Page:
23

Edge cases are where such class hierarchies often fall short. An offhand short sword that adds to defense? A shield that does damage when you bash with it? A magic potion that not only makes you less hungry but also adds armor when you drink it? How will those fit into your current hierarchy? One way to avoid those problems is to use aggregation instead of ...


21

The problem, however, is that this means when creating my classes, I need to ferry around this TPos generic construct to places where it doesn't make sense to define it. I'm left creating new Player<Vector3> or Player<Int2> instances all over the place when really I just want to be creating a Player. Yes, specifying Player<Vector3> each ...


21

I am generally impressed with the consistency of the implementations, neatness, etc. I have a comment about the basic premise. The Shape should not be an abstract class, but an interface. It has no concrete implementations for any methods, and making it an abstract class makes it hard to inherit from other places too. Consider this instead: public ...


20

Firstly, I'm not sure you're actually implementing the requirement as it's written. The description says: An incoming call must be allocated to a fresher who is free. If a fresher can't handle the call, he or she must escalate to technical lead. This sounds like if there are no free freshers, the call shouldn't be handled at all (an exception thrown?), ...


15

Abstract cant be instantiated so having a public constructor for them is pretty much useless as they are being created through derived classes and it makes more sense to have a protected constructor instead of a public one public abstract class SpecialItem : Item { public virtual int GetSpecialProperty { get; } public override string ToString() { ...


14

I believe that in addition to the stated Java -> Scala OO question, that you may also be wondering about a good way to "organize" Models/DAOs/Controllers in Play 2. So I will incorporate that in my answer. I would have asked in a comment, but I don't seem to have the rep yet... A few notes before we get into an answer: fedesilvia is correct, that case ...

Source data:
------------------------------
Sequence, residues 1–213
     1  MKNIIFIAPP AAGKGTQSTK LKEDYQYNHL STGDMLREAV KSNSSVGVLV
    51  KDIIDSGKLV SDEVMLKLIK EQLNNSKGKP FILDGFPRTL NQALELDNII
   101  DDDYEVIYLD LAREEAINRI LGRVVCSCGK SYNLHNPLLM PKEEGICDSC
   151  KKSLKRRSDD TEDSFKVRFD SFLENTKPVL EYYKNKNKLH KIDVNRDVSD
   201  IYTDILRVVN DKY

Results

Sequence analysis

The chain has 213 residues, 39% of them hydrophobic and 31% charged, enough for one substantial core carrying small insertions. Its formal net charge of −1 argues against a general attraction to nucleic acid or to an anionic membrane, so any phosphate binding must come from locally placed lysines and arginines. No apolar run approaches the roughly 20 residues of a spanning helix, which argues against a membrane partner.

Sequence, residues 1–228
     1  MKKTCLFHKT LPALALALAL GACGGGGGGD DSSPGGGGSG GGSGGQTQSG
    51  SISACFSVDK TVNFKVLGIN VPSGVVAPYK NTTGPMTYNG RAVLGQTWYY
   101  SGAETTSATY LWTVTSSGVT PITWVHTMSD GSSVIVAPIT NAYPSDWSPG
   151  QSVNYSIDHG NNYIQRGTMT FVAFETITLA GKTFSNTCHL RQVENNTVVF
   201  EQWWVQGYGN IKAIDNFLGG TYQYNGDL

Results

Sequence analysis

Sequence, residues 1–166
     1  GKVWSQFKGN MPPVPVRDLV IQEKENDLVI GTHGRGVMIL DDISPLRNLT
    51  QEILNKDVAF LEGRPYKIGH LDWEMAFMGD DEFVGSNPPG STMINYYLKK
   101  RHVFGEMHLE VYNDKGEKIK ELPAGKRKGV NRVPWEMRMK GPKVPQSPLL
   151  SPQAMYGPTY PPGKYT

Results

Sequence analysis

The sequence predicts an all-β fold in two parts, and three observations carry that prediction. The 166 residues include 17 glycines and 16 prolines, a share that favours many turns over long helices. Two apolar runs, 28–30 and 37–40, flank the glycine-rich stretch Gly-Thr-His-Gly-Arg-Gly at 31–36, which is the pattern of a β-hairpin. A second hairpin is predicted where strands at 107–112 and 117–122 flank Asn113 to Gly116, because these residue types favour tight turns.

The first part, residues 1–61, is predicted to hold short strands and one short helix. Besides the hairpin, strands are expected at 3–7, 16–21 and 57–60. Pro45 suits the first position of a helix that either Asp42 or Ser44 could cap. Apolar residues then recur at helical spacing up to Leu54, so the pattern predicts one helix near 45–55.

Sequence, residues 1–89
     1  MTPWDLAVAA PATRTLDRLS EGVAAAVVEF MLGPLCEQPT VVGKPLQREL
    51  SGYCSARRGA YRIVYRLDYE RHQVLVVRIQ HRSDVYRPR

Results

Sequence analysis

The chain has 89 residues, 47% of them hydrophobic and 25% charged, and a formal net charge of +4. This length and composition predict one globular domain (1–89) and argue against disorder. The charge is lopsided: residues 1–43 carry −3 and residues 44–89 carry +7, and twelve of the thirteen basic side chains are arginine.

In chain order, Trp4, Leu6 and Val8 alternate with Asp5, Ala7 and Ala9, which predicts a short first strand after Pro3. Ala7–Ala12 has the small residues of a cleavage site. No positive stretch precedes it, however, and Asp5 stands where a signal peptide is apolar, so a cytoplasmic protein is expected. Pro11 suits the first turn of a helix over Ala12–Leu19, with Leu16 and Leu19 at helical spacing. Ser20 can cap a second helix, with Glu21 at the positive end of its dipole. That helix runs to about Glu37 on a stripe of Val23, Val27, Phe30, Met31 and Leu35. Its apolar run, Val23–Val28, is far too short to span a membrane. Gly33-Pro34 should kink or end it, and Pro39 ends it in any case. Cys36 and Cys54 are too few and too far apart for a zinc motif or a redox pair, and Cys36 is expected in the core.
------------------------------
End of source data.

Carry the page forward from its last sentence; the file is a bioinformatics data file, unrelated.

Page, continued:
14

Your interfaces are inconvenient, and you are falling in to a trap of convenience that actually leads to inconvenience..... let me explain... C# makes it easy to create the getter/setter methods for interfaces/classes. There are three places I can see where your use (abuse) of this convenience leads to poor usability of your interfaces: public interface ...


14

This is well documented, well commented code. The docstring says: The one way in which slicing a WraparoundList differs from slicing an ordinary list is the case of using the list length as the upper limit. but this isn't quite the whole story — an ordinary list can also be sliced using a value greater than the list length, and in that case ...


13

Your example accesses the cat through a variable of type Cat and the dog through Dog. This would work, even if both classes did not implement a common interface. Inheritance is not involved. In order to really demonstrate the usefulness of polymorphism I suggest the following code: interface IAnimal { string Name { get; set; } string Cry(); } ...


13

Overall, code is easy to read. A few minor nit-picky items. Try not us use booleans, use enums instead. i.e. public enum EmployeeStatus { OnCall, Available } This allows you to add more status as requirements change: public enum EmployeeStatus { OnCall, Available, OutToLunch, OnVacation, OnBreak } I don't like that ...